“Matt’s leadership ability is a direct result of his work ethic,” Coach Russo said. “The other players see how he carries himself and how he prepares, and they respect that. So when he has something to say, they listen. Having someone like him on the team makes all of the coach’s jobs easier.”
Another great aspect of Matt’s story is his family history with Hofstra. His older brother, Kevin, pitched for the Pride for two seasons (2014-15) and his younger brother Rob is a sophomore first baseman. “Playing with my brothers has been great and a really surreal experience,” Matt said. “Kevin came in the same year as me, as a junior transfer, and he really was a leader for me. He showed me what I had to do and paved the way for my career. Then having Rob playing first base everyday and looking over at him when I am pitching is a great feeling. Nobody is probably prouder of seeing us play together than my parents, who are at almost every game cheering us on.”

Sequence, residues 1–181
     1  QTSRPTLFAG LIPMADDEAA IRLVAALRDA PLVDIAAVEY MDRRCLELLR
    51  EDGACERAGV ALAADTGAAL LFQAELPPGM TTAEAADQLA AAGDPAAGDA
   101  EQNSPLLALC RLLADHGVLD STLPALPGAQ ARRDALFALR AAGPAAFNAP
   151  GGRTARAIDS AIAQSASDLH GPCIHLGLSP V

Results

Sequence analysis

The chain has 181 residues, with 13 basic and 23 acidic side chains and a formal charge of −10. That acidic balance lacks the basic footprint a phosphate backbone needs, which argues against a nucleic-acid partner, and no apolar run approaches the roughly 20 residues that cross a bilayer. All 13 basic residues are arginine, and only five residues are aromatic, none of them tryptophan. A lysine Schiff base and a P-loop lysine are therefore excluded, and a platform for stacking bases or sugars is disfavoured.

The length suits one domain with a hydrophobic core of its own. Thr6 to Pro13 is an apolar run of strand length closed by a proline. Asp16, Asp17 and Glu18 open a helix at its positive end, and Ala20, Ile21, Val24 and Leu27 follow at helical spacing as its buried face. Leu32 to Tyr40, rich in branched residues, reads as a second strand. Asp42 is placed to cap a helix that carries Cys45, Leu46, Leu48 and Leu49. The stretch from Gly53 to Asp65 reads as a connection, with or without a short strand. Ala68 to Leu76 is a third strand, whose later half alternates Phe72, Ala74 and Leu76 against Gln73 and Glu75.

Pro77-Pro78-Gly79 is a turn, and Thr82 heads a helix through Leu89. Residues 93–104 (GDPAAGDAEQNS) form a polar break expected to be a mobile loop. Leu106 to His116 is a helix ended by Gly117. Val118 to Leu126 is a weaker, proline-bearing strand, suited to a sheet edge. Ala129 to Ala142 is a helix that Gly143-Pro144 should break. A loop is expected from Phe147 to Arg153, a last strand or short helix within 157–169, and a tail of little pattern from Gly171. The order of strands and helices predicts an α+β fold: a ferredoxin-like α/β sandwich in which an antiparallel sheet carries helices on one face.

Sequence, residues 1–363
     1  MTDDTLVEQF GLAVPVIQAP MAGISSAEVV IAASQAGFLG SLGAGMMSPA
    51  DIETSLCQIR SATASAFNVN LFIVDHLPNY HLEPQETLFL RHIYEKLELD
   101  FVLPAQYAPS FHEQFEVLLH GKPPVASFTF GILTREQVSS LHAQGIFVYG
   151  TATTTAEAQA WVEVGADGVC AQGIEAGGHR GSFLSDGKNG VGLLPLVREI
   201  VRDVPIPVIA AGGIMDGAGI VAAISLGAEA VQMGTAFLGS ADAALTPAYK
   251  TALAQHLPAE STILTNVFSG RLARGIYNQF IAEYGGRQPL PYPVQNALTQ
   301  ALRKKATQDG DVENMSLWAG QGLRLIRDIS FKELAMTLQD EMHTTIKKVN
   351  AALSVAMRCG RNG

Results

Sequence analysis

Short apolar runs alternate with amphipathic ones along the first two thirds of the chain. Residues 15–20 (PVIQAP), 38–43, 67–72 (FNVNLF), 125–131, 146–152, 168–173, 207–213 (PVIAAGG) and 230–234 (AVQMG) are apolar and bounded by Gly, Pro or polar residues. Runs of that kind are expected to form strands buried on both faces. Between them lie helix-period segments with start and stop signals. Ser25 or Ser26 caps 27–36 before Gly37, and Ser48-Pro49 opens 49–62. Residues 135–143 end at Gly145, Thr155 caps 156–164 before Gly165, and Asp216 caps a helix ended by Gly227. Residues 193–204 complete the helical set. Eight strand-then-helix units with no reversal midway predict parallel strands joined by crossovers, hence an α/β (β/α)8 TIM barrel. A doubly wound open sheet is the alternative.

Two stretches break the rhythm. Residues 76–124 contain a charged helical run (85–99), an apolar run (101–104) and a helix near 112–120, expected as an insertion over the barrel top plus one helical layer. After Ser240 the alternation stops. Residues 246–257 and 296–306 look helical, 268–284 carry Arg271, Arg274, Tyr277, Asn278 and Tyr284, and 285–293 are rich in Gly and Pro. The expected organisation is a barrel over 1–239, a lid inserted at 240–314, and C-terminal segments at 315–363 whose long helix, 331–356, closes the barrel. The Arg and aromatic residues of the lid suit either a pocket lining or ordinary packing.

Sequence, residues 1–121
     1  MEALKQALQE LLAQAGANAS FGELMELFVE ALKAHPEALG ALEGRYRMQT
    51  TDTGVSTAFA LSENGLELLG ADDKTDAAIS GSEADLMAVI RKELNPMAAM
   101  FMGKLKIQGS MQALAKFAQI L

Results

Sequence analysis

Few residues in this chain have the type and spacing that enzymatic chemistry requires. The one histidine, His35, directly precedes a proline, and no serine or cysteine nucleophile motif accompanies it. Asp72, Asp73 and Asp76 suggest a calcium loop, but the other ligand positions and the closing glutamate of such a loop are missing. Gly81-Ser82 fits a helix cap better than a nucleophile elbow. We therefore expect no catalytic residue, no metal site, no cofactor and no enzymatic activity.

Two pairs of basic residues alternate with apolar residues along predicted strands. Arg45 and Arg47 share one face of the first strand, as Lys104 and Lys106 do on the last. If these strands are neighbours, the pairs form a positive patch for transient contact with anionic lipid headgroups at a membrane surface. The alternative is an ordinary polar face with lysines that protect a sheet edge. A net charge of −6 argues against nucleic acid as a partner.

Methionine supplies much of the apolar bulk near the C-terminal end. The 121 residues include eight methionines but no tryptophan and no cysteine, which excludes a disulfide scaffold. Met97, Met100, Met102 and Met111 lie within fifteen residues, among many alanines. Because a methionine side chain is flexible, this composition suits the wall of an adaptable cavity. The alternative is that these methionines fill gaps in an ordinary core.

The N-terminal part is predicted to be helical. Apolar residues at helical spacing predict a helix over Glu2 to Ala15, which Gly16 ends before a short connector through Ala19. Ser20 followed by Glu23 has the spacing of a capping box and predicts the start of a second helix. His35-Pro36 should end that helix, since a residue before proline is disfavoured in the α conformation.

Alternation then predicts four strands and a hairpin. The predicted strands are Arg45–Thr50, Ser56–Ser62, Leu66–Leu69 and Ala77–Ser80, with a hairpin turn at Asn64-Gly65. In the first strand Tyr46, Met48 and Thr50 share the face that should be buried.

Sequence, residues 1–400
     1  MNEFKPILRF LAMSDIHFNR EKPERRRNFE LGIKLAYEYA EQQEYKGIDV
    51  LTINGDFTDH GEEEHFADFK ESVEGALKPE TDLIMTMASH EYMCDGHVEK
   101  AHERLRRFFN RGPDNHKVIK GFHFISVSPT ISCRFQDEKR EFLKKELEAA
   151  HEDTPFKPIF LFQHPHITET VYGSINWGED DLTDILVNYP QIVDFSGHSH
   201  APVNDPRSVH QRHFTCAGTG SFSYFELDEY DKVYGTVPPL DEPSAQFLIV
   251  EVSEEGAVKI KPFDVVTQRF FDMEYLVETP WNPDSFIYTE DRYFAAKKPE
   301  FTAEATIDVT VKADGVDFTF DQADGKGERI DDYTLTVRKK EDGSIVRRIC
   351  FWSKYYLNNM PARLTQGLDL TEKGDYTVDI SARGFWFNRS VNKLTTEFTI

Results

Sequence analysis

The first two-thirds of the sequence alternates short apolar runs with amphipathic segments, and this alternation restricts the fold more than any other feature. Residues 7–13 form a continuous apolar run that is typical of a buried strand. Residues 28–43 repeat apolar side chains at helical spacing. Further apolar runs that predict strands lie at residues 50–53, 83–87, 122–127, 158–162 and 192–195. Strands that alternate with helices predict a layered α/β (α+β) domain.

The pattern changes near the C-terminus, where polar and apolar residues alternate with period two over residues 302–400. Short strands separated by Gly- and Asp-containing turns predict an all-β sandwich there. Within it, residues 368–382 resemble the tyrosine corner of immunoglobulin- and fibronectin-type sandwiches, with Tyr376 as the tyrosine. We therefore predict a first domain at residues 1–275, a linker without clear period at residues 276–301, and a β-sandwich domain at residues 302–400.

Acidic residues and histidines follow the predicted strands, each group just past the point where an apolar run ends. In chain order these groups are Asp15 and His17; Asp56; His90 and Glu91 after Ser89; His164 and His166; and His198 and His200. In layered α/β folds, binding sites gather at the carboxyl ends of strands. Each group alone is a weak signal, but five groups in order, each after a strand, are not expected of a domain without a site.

“Having all three Weissheier brothers has been a great experience,” Coach Russo said. “Kevin gave us two solid years and he is a great ambassador for Hofstra Baseball. Rob has grown as a player in his two years and has become a fixture for us at first base, and I think it has been special for Matt to play with both of them. I also think it has been a great experience for their parents, Russ and Kim. They have been great supporters of not only their sons, but all of the players, since day one.”
While Matt hopes to keep playing for the next several weeks, he does know that his time on the college diamond is coming to an end and that the real world awaits. “My post-Hofstra goals are still up in the air,” he said. “I am going to finish my master’s in health administration and it has always been a lifelong goal to be a New York City Firefighter like my father. I recently took the exam, so we will see what happens.”
While Matt may not know what his future plans may be, one thing is certain. If he brings the same level of commitment to his career that he brought to the field during his final two seasons, he will be successful at whatever he does.
BY LEN SKOROS, HOFSTRA UNIVERSITY OFFICE OF ATHLETIC COMMUNICATIONS